Bob Marley – Get Up Stand Up
For Drug Recovery Assistance
About Bob Marley:
About Bob Marley:
Nesta Robert Marley OM (6 February 1945 – 11 May 1981) was a Jamaican singer-songwriter who achieved international fame through a series of crossover reggae albums. Starting out in 1963 with the group the Wailers, he forged a distinctive songwriting and vocal style that would later resonate with audiences worldwide. The Wailers would go on to release some of the earliest reggae records with producer Lee Scratch Perry. After the Wailers disbanded in 1974, Marley pursued a solo career which culminated in the release of the album Exodus in 1977 which established his worldwide reputation. He was a committed Rastafarian who infused his music with a profound sense of spirituality.
Bob Marley was born on the farm of his maternal grandfather in Nine Mile, Saint Ann Parish, Jamaica, to Norval Sinclair Marley and Cedella Booker. Norval Marley was a European-Jamaican of British/Syrian descent whose family came from England. Norval claimed to have been a captain in the Royal Marines though at the time of his marriage to Cedella Booker, an African-Jamaican then 18 years old, he was employed as a plantation overseer. His family named him Nesta Robert Marley though later a Jamaican passport official would reverse his first and middle names. Although Norval provided financial support for his wife and child he seldom saw them as he was often away. Bob Marley attended Stepney Primary and Junior High School which serves the catchment area of Saint Ann. In 1955, when he was 10 years old, his father died of a heart attack at the age of 70. Although Bob Marley recognised his mixed ancestry, throughout his life and because of his beliefs, he self-identified himself as a Jamaican of African descent, following the ideas of Pan-African leaders.
The Wailers’ first major label album, Catch a Fire was released worldwide in April 1973, packaged like a rock record with a unique Zippo lighter lift-top. Initially selling 14,000 units, it didn’t make Marley a star, but received a positive critical reception. It was followed later that year by Burnin’, which included the standout songs “Get Up, Stand Up“, and “I Shot the Sheriff”, which appealed to the ear of Eric Clapton. Vincent Ford, a childhood friend from Jamaica, was given writing credit for “No Woman, No Cry” on the 1974 album Natty Dread, as well as the songs “Crazy Baldheads” (with Marley’s wife Rita), “Positive Vibration” and “Roots Rock Reggae” from the 1976 album Rastaman Vibration, along with “Inna De Red” and “Jah Bless” with Marley’s son, Stephen. “Three Little Birds” is a song by Bob Marley; The Wailers. It is the fourth track on side two of their 1977 album Exodus and was released as a single in 1980. The song reached the Top 20 in the UK, peaking at number 17. It is one of Bob Marley‘s most popular songs. The song has been covered by numerous other artists. One of the most notable covers was by British singer Connie Talbot, whose version reached number one on the Billboard Hot Singles Sales chart in 2008. “Don’t Worry, Be Happy” is a song by musician Bobby McFerrin but is often erroneously attributed to Bob Marley.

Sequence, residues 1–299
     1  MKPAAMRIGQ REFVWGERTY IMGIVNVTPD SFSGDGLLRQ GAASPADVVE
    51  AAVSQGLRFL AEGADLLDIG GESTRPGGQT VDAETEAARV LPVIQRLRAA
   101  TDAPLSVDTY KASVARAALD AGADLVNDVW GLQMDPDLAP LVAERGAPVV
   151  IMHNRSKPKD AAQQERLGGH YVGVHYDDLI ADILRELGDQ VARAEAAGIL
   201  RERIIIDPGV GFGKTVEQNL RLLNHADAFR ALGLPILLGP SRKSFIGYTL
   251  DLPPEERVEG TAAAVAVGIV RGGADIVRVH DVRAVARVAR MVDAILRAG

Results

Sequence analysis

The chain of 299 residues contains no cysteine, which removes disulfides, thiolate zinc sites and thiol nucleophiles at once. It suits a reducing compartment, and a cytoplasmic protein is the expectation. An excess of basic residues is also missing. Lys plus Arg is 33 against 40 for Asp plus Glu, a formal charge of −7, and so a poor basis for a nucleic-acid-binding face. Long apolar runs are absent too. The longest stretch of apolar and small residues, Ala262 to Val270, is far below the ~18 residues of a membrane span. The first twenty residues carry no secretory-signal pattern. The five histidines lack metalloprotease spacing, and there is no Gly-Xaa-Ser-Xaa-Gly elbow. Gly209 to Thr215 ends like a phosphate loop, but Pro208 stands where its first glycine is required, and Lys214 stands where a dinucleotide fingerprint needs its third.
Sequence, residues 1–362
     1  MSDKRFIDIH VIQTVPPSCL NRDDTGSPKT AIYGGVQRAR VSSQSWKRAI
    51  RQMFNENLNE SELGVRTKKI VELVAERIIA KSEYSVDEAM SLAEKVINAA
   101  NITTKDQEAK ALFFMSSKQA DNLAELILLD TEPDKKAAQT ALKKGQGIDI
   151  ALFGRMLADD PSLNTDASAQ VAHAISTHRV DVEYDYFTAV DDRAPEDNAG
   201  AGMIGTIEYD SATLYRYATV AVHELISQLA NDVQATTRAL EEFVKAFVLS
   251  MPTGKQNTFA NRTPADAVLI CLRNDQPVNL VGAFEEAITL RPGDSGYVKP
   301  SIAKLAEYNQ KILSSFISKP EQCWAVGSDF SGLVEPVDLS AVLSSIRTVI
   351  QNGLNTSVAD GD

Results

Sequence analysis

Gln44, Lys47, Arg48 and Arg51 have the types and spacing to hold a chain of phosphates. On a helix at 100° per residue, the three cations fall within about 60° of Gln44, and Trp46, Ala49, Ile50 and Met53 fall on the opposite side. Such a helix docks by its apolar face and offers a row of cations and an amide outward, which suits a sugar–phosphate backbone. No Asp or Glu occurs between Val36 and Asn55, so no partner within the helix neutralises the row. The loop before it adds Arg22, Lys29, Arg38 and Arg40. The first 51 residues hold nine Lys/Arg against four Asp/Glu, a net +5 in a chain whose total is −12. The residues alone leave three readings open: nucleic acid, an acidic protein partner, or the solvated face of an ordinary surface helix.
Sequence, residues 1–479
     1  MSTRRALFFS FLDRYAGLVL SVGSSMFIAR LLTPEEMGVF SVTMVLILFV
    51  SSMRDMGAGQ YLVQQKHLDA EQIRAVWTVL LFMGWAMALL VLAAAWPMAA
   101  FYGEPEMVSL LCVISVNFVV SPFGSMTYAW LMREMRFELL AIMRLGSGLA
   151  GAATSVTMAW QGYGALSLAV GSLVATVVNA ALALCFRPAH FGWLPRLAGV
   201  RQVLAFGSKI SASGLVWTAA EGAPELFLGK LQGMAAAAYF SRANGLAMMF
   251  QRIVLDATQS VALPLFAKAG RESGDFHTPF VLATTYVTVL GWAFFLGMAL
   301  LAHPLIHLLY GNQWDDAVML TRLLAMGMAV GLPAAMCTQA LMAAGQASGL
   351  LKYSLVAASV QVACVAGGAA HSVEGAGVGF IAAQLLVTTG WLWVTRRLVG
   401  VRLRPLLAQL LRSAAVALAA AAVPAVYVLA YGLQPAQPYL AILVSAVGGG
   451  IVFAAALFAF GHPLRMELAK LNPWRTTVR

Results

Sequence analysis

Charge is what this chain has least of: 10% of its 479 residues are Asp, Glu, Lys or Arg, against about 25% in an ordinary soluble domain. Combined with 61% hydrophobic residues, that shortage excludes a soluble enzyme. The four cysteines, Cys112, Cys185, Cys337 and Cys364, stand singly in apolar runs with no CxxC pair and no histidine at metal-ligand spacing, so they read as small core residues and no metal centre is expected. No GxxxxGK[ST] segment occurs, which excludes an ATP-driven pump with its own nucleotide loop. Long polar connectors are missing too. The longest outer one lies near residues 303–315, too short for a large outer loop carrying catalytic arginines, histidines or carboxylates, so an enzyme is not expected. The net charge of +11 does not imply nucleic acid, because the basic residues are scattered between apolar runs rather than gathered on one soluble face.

Get Up, Stand Up, stand up for your right (3 times) Get Up, Stand Up, don’t give up the fight Preacher man don’t tell me heaven is under the earth I know you don’t know what life is really worth Is not all that glitters in gold and Half the story has never been told So now you see the light, aay Stand up for your right. Come on Get Up, Stand Up, stand up for your right Get Up, Stand Up, don’t give up the fight (Repeat) Most people think great God will come from the sky Take away ev’rything, and make ev’rybody feel high But if you know what life is worth You would look for yours on earth And now you see the light You stand up for your right, yeah! Get Up, Stand Up, stand up for your right Get Up, Stand Up, don’t give up the fight Get Up, Stand Up. Life is your right So we can’t give up the fight Stand up for your right, Lord, Lord Get Up, Stand Up. Keep on struggling on Don’t give up the fight We’re sick and tired of your ism and skism game Die and go to heaven in Jesus’ name, Lord We know when we understand Almighty God is a living man You can fool some people sometimes But you can’t fool all the people all the time So now we see the light We gonna stand up for our right So you’d better get up, stand up, stand up for your right Get Up, Stand Up, don’t give up the fight Get Up, Stand Up, stand up for your right Get Up, Stand Up, don’t give up the fight.
Author: Richard Mays
By: Richard Mays
Hello, my name is Richard Mays and for 16 years I’ve been sober, I use to be addicted to everything that had landed on the streets, and by going along and doing so I ruined my relationships that I held dearest to me!
I reached out for assistance, and I got more then I could have ever asked for at the time! Since then I’ve been using the knowledge here on this site to help pull individuals out of the darkest days of their lives and move onward to sobriety and too land higher then they ever thought possible!
This post was just a glimpse of what I stand for in helping individuals and families alike gain closure to a destructive past and into a golden future!
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